John Phipps: A Salute to Aging Farm Truck Drivers in Aging Trucks

07:50AM Nov 19, 2019
Grain truck
Not many farmers retire; instead, they pursue different roles on the farm. One of the most popular roles is driving a truck.
( Farm Journal )

I’m taping this on Veterans Day so it’s somewhat appropriate to offer a salute to some other fellow veterans – the old farmers in old trucks. With labor tight, finding someone to haul grain to the elevator for a few weeks in the fall can be challenging for farmers, and the go-to solution is to enlist old guys. Many of them could use the money, and many more of them just need to get out of the house and have something to do. These veterans are matched by old trucks which, like them, may not be as fast as they once were, but still have some life left. While I know there are some farms with new rigs, the vast majority of us are using re-purposed fleet vehicles with a few hundred thousand miles to make the 18-mile round trip to the elevator. Old trucks match up well with their aging drivers. We both have some eccentric disabilities that drivers work around.

I see them at the elevator, climbing carefully and often painfully down to unroll the tarp. I pass people on the scales I went to school with and played basketball against. It took me some time to realize since I was their contemporary, I too was an old guy in an old truck. In fact, counting Jan and I, and a retired funeral director friend, our average fleet age is 73 – the drivers that is. The trucks are just 13-15 years young. Meanwhile, I have a neighbor who proudly passed his CDL renewal at 92.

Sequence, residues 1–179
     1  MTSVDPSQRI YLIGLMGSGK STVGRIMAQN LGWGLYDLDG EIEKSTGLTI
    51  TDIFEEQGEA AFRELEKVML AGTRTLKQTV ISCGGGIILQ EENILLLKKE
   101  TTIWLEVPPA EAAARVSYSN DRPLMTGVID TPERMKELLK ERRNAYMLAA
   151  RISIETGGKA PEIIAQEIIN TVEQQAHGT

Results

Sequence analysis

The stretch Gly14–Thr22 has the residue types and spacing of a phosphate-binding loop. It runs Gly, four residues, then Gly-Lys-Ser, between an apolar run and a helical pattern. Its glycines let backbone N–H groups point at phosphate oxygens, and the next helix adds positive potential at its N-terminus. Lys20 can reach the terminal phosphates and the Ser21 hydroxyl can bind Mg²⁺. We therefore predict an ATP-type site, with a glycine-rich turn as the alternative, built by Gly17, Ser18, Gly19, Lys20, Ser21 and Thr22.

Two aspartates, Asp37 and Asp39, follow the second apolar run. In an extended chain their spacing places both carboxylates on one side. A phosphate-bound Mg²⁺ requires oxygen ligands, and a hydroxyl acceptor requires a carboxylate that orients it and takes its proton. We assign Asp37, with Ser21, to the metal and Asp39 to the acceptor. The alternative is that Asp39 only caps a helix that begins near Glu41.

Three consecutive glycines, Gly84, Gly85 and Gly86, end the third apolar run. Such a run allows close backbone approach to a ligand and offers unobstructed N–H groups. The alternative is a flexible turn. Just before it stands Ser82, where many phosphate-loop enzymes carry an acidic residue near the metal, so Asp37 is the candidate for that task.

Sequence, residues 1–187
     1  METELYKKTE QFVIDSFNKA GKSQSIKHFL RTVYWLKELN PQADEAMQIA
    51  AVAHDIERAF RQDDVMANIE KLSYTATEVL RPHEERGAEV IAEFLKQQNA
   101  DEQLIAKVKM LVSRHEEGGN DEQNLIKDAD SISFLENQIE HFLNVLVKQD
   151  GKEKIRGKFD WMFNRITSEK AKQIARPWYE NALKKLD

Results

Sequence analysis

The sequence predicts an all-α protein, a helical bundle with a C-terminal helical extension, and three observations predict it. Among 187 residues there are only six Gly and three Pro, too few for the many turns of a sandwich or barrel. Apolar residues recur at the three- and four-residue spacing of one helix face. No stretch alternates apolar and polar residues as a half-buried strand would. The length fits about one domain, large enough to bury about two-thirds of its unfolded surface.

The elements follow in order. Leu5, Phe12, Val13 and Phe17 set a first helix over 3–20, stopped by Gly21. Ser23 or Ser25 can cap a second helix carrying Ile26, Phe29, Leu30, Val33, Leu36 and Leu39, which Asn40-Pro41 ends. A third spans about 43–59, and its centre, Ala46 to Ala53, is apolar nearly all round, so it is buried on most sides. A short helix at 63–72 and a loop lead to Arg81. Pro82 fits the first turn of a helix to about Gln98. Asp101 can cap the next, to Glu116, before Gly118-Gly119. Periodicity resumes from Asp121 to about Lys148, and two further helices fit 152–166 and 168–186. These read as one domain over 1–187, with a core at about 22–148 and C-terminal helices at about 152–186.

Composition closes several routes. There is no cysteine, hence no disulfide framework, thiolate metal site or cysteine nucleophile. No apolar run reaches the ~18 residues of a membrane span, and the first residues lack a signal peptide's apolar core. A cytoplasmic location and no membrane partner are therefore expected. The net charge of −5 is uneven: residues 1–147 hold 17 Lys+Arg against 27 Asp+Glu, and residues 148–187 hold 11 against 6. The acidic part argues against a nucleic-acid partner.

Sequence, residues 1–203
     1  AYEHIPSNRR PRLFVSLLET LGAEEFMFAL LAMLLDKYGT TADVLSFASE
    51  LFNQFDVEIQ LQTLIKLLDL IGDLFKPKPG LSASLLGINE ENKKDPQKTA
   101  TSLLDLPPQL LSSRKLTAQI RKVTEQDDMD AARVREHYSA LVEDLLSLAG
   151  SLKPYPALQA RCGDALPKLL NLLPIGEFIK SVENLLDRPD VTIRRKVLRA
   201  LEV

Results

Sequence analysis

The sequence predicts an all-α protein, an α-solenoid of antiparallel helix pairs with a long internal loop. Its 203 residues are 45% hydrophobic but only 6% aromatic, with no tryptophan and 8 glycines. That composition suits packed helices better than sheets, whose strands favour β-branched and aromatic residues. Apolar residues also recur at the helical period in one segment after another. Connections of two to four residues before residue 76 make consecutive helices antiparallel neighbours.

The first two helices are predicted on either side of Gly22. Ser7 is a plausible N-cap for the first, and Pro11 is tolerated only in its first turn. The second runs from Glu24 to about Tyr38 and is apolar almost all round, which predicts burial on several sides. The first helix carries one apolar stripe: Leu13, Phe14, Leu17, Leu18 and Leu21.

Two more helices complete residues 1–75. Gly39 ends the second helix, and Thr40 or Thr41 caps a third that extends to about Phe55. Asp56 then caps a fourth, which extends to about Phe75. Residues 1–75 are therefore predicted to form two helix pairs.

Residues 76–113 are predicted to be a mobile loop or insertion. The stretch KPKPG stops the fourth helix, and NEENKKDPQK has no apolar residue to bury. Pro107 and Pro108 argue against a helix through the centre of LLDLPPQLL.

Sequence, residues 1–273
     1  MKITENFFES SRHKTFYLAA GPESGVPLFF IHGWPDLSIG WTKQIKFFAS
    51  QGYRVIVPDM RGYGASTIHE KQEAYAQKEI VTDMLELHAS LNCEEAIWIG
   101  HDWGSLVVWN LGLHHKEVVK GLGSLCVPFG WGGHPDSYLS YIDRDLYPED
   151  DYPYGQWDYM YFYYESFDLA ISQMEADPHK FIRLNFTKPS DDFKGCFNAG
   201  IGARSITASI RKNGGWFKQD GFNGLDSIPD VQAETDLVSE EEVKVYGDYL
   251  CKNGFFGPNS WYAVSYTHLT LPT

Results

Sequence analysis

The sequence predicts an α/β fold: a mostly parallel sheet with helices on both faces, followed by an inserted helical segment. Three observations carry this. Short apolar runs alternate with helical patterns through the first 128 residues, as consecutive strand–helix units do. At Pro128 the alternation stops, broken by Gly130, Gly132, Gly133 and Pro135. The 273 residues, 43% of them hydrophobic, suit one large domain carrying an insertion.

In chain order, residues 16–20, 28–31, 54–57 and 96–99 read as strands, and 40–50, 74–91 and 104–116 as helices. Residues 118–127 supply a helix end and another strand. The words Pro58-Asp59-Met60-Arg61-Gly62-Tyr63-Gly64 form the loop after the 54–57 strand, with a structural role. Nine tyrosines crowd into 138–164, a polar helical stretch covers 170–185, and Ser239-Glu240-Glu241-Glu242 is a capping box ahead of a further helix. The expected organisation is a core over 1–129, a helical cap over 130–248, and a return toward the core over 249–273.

It is a curious thing that as our time here begins to dwindle, we old guys often have more time on our hands that we ever had before. So here’s my salute to my other fellow veterans without whom the harvest wars would be going even worse than they are. Keep up the good work and be careful. And for all you employers who depend on these experienced helpers, would it kill you to upgrade to electric tarps? 

John's World 11/16/19